Led by Professor Felicity Baker, researchers at the Faculty of Fine Arts and Music have been investigating the impact of home-based caregiver-delivered music and reading interventions for people with dementia.
The umbrella term for conditions with a severe decline in brain function, dementia affects an estimated 50 million people worldwide - a number expected to rise to 130 million by 2050.
Thanks to the work of Professor Baker and her team, music therapy interventions are showing promising results in alleviating the distressing behavioural and emotional symptoms of dementia.
Sharing this work with carers of dementia patients - often family members - has helped to enhance the experience of caring, and allows carers and people living with dementia to share in the joy that music engagement brings to their lives.
Homeside, launched in 2019 extended the music intervention program into the homes of dementia patients, training family carers to use music activities strategically and effectively to manage behavioural and psychological symptoms of people living with dementia.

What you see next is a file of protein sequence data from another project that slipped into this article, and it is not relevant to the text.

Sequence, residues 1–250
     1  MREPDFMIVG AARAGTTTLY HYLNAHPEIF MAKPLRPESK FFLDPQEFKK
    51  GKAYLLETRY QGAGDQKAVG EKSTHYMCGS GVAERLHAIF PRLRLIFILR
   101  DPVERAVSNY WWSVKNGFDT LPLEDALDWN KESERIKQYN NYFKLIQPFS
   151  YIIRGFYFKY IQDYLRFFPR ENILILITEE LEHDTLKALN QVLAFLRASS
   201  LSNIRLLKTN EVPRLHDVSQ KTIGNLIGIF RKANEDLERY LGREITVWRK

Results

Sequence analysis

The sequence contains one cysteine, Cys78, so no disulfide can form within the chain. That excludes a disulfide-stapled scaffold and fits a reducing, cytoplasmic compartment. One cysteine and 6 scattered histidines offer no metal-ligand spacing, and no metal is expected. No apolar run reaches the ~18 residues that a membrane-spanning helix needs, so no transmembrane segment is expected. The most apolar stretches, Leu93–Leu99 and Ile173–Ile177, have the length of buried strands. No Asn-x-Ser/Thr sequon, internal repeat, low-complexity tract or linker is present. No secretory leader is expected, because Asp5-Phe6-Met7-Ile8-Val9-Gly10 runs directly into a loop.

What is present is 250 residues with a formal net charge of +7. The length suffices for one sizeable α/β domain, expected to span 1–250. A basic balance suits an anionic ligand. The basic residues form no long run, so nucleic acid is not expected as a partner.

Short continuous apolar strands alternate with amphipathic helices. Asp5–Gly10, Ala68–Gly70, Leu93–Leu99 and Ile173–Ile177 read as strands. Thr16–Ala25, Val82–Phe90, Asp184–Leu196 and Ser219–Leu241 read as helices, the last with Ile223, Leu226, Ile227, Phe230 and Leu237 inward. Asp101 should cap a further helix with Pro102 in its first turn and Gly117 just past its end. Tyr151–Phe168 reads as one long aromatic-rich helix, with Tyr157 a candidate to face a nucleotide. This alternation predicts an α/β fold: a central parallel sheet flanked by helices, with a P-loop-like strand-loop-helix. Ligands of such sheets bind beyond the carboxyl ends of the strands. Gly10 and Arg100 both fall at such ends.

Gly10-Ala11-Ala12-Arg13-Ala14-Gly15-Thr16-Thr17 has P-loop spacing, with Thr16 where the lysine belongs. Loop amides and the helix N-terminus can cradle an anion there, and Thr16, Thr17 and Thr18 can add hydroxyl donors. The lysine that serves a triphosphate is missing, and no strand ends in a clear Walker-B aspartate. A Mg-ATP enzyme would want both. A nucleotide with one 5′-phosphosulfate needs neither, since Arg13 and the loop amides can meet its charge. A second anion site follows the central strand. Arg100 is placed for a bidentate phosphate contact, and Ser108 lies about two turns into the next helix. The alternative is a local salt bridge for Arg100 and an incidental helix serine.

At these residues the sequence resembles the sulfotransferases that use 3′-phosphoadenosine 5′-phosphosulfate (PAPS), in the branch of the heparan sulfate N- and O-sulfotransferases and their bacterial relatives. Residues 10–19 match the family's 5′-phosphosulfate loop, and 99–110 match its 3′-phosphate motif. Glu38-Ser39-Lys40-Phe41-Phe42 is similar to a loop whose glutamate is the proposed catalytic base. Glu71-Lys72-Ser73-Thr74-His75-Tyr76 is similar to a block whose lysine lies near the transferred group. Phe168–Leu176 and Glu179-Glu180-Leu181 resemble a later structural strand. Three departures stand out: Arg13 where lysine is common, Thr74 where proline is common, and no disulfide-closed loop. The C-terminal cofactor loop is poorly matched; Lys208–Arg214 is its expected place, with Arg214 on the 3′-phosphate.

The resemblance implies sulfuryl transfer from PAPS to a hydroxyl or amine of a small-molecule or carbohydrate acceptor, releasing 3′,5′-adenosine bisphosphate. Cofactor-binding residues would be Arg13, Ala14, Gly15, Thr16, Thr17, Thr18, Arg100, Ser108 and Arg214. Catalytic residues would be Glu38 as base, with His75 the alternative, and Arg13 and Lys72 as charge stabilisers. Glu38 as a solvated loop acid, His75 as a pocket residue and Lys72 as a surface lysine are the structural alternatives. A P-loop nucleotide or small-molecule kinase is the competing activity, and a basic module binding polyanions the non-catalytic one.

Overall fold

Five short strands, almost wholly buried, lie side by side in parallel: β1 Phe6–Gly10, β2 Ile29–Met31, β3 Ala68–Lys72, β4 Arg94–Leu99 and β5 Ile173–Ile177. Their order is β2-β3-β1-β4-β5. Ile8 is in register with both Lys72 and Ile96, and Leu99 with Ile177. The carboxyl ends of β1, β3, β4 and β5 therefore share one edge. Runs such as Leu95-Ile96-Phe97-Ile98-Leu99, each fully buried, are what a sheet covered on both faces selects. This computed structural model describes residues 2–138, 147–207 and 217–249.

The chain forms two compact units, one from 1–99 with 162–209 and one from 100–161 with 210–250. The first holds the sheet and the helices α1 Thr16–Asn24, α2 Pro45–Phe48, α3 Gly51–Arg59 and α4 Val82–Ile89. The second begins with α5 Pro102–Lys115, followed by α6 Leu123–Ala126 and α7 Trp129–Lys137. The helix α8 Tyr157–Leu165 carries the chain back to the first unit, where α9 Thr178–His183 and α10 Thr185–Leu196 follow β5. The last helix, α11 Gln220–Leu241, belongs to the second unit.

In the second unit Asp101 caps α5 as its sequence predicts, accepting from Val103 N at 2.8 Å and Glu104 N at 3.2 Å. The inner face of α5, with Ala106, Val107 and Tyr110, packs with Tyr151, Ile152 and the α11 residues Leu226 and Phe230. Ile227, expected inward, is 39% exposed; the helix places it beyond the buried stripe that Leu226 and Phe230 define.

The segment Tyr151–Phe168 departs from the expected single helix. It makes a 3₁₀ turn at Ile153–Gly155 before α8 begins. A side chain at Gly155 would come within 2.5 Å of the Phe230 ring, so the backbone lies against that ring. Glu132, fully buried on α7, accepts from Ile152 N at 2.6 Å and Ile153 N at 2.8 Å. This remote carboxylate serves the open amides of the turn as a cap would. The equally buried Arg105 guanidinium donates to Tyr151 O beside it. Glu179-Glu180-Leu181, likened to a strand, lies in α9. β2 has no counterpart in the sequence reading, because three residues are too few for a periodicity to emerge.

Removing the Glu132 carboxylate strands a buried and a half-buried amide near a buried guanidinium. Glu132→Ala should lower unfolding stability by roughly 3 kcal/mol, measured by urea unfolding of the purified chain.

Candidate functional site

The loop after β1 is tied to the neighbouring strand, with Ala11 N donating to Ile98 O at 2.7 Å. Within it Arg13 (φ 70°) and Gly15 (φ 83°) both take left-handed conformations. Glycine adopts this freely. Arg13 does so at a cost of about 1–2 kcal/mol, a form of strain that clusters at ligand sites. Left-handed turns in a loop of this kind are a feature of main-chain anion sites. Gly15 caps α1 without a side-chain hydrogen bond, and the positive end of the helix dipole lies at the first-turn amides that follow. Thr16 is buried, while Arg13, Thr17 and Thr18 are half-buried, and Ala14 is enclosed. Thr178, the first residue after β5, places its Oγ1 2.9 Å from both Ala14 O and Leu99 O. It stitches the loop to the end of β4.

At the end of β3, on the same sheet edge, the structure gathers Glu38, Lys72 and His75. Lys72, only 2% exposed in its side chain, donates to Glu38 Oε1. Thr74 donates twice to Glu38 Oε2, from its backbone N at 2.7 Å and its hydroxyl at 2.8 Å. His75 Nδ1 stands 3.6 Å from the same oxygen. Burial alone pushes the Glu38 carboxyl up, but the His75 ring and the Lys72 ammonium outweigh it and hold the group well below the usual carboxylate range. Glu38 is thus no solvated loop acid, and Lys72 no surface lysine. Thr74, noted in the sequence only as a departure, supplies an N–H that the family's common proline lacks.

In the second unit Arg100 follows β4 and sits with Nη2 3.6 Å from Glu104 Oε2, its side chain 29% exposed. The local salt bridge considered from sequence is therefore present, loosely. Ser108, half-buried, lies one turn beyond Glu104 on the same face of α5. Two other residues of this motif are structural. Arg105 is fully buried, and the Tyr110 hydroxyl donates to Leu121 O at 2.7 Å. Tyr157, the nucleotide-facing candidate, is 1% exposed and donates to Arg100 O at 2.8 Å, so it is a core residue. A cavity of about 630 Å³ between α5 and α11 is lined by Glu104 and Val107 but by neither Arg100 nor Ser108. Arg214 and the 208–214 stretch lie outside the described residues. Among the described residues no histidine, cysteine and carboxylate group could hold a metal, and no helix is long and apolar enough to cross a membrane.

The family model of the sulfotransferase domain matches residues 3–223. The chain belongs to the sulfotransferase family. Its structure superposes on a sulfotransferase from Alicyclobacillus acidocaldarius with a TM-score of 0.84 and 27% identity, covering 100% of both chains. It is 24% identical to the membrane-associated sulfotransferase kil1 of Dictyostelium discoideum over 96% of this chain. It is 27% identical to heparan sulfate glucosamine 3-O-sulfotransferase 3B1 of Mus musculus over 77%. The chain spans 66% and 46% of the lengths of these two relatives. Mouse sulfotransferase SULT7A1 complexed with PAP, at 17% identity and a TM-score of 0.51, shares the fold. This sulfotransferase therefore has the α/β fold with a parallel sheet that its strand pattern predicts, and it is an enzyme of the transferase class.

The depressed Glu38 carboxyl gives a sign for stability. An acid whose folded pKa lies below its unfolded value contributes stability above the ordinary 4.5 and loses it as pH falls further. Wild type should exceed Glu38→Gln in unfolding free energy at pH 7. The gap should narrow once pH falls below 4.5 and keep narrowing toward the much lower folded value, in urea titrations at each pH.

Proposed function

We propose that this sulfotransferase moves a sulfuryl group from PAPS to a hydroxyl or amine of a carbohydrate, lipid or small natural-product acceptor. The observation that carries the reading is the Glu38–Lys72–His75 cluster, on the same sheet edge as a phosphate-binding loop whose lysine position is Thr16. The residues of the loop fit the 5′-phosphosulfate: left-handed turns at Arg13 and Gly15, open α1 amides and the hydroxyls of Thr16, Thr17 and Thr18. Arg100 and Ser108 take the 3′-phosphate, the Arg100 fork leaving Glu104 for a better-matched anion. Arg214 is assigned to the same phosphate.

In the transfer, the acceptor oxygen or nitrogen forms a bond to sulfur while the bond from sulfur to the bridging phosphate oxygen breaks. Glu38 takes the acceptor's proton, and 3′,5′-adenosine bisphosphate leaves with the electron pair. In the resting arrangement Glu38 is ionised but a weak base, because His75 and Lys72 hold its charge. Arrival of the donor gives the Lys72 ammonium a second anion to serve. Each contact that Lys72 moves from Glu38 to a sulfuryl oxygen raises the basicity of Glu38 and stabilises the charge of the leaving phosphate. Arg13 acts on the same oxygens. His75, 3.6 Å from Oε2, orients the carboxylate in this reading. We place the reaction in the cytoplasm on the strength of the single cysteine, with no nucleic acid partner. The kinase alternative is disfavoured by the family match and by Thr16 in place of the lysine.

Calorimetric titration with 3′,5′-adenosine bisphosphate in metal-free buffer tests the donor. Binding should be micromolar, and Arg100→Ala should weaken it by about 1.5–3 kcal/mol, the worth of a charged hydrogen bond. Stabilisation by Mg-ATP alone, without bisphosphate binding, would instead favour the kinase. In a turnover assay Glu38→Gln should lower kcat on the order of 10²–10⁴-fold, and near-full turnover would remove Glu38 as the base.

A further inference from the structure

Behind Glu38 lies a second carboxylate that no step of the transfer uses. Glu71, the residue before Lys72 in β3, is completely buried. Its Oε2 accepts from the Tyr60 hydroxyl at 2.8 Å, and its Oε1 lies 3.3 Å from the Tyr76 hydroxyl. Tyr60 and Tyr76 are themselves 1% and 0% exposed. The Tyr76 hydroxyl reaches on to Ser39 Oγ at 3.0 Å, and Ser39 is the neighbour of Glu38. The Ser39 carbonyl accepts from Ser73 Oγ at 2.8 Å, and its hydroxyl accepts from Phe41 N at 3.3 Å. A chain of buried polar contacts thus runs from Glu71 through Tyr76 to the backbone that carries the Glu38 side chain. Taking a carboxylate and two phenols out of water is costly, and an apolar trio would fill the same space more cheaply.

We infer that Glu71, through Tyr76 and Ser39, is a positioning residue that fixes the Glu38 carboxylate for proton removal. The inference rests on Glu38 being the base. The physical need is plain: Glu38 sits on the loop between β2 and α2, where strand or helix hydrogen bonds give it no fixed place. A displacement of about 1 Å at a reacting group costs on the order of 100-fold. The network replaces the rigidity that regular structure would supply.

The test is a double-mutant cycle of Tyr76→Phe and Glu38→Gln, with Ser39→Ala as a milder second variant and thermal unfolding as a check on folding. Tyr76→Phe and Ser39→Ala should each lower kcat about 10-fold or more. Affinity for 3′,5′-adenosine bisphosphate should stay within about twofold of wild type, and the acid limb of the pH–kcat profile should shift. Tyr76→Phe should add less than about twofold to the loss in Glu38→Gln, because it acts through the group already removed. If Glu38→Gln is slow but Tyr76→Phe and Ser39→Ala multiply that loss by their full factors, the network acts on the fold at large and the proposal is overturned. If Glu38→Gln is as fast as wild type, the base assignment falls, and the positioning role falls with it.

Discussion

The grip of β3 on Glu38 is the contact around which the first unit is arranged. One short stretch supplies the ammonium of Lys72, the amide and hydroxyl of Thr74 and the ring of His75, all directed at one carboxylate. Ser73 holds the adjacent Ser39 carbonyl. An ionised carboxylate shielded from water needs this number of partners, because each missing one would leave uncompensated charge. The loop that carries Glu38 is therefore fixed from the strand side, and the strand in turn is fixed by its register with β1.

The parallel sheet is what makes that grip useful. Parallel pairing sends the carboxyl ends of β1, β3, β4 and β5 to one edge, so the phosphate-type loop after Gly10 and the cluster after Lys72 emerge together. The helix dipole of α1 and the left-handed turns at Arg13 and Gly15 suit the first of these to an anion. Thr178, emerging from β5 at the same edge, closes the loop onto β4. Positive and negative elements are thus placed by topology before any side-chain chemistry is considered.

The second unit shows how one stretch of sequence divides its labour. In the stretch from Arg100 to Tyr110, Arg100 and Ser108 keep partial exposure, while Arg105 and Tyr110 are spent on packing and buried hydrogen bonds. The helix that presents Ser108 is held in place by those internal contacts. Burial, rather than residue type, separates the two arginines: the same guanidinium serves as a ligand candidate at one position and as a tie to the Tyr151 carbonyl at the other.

That same year, over $90,000 was raised through the University of Melbourne's end of year appeal to support the development of a training app for carers designed to help use music more intentionally with their loved ones.
Of the 369 donors, 65% were inspired by the Music Therapy for Dementia appeal to make their first-ever donation to the University.
Together, these donors helped to lay the groundwork for the development of the Music Attuned Technology for Care via eHealth - MATCH - app, which has now attracted a further $2 million in funding through Australia's Medical Research Future Fund.
The first in-home trials of MATCH are planned for January 2022, further empowering caregivers to explore non-pharmaceutical approaches to managing dementia.
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